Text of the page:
Gross Misconduct – what it is and how to handle itMonday, June 13th, 2011
Much misunderstanding appears to exist about the definition of gross misconduct, largely because many employers place a subjective rather than a legal interpretation upon it. If they are particularly annoyed about the behaviour of an employee, they treat the incident as one of gross misconduct. Even worse, much worse, they sack the person “on the spot”, that is without warning or compensation. Our courses make sure that delegates do not make mistakes like this – the cost of the course then looks trivial when compared with the thousands of pounds awarded against less well informed managers.
First, therefore, let us look at what we are talking about. Gross misconduct is conduct that strikes at the root of the employment relationship and that any reasonable person would consider makes continuation of the relationship between employer and the employee untenable. Not clear enough? Well, that is part of the problem, therefore you need to give examples to explain to both your managers and the people they manage. These examples might well include assault on another employee, breach of health and safety regulations that is likely to endanger other people, wilful damage to company property, sexual misconduct such as downloading pornographic material, harassment and bullying, serious breach of confidentiality, falsification of records or expense claims, gross insubordination. Discuss with colleagues what are the real no-no’s of behaviour, actions that are simply intolerable and, if you run out of ideas, have a look through the rulebooks of other organisations. Having established your list, publish it to every employee at every level, perhaps by including it in your employee handbook, in your discipline procedure, or by posting it on a permanent notice board.
Of course, you are unlikely to be able to think up every form of misbehaviour that would fall into the definition of gross misconduct, therefore stick to giving examples. State in your handbook or wherever that certain behaviour is so serious that it constitutes gross misconduct, examples being ….. and list your examples. Give some obvious ones such as those listed above, but be sure to include examples of behaviours that someone who is not used to your organisation would not recognise as being so serious. A new employee, a street-wise school-leaver, may understand that he should not really make jokes about someone with a limp or a squint, but not know that it is a dismissable offence. When you have completed your list, add a comment that the list is not exhaustive and that behaviour of similar seriousness will be treated as gross misconduct.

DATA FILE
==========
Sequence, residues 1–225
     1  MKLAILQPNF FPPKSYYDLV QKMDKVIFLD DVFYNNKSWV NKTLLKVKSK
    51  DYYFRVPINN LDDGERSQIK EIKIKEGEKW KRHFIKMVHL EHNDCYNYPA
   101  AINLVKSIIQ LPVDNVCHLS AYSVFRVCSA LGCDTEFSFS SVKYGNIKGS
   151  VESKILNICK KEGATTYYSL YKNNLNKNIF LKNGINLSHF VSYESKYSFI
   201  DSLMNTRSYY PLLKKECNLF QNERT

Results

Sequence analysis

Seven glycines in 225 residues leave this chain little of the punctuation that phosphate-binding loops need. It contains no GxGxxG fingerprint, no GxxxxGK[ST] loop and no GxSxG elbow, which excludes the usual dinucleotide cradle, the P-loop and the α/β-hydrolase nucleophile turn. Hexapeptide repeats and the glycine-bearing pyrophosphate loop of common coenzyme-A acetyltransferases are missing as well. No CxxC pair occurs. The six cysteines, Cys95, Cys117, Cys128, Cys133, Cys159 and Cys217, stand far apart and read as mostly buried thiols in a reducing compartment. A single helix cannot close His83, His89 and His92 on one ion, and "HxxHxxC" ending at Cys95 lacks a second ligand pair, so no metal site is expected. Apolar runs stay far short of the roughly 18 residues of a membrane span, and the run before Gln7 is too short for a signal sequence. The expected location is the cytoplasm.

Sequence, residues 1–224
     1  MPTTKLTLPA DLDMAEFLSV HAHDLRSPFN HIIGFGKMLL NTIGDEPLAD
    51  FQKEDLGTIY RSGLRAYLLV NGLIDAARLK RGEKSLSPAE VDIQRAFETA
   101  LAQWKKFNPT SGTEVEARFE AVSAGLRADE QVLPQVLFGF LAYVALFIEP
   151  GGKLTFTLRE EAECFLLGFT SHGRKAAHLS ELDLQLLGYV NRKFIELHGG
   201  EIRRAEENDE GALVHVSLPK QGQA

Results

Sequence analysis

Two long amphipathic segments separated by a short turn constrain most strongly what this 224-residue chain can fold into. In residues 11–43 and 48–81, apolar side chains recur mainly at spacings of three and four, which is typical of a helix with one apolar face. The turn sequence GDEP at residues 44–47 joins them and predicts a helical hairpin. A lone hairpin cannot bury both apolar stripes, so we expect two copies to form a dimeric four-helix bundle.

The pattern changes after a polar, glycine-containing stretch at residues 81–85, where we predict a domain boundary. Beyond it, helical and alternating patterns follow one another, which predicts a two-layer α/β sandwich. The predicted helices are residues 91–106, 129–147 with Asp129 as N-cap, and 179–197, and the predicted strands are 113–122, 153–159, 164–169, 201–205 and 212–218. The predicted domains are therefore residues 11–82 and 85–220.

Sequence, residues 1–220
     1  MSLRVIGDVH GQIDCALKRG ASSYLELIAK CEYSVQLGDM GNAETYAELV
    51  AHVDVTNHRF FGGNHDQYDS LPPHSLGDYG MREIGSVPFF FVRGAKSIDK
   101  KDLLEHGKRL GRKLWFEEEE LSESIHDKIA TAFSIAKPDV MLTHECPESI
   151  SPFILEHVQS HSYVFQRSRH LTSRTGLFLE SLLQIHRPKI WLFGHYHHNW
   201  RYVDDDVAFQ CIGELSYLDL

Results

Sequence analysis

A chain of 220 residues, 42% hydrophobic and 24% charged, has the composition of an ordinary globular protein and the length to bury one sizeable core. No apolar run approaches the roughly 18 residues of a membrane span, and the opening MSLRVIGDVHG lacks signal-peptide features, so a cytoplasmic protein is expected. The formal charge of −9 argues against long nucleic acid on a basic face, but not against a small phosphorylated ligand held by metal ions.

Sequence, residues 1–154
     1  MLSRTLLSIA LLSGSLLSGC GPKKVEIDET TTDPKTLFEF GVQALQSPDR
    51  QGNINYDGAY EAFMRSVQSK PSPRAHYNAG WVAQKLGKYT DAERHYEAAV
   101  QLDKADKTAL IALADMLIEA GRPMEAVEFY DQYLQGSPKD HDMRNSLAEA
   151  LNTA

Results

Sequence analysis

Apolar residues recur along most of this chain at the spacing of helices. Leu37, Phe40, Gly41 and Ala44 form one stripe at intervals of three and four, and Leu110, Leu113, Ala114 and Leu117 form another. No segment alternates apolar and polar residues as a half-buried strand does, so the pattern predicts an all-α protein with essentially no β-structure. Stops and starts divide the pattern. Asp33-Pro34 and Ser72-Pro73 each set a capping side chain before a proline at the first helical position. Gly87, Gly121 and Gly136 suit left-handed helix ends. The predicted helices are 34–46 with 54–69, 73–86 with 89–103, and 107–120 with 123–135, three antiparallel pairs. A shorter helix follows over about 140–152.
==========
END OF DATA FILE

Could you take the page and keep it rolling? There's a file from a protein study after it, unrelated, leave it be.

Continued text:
So, if an employee commits an offence that features in your list, you should treat it as gross misconduct. If you feel that there are extenuating circumstances, such as the employee’s long service and good behaviour, nevertheless still treat it as gross misconduct otherwise you dilute the seriousness of the rules. Instead, if you feel it appropriate, modify the sanction. If the offence is not listed, consider whether it is just as serious as one or two of the others on your list. If you have doubts, put the matter to an HR specialist or discuss it with a couple of colleagues. In the latter case do not feed them with the answer you want but instead ask them, if one of their employees were to do this, would they treat it as gross misconduct.
Assuming that you believe that the employee has committed gross misconduct, the normal rules of discipline procedure should be applied, though perhaps with just one exception. If you believe that the employee’s presence at work could threaten other people or could interfere with your investigation, you should require him or her to stay away from the site on full pay until you are ready to conduct a discipline hearing. Note here the word “investigation”. However obvious the offence, you must conduct an investigation. Interview witnesses, check through records and produce a written account of the problem. If you yourself were involved in the incident, for example the employee threatened you, have someone else conduct both the investigation and the disciplinary interview. Pass the result of the investigation to the employee, give him or her a couple of days to read it, and arrange a discipline interview. Be sure to inform the employee of the right to be accompanied by a colleague or trade union official.
If subsequently you are satisfied that the employee has committed gross misconduct, then, unless there is a sound reason for imposing a lesser sanction, you should dismiss with immediate effect. This is called summary dismissal. You should pay the employee all to which he or she is entitled to date, but for no longer.
You can be pretty sure of two things about the person you have now sacked. He or she is unlikely to feel charitably disposed towards you, and has plenty of time on his or hands to make a claim against you for unfair dismissal. Therefore, before you set off down the path towards dismissal for gross misconduct, read this article again, read your own discipline procedure, make sure that you are justified in treating the incident as gross misconduct, be sure to follow your procedure to the letter, and make a written record of all that you do and all that is said. And if you or any of your colleagues are unsure about any of this, then you really do need to invest in one of our employment law courses!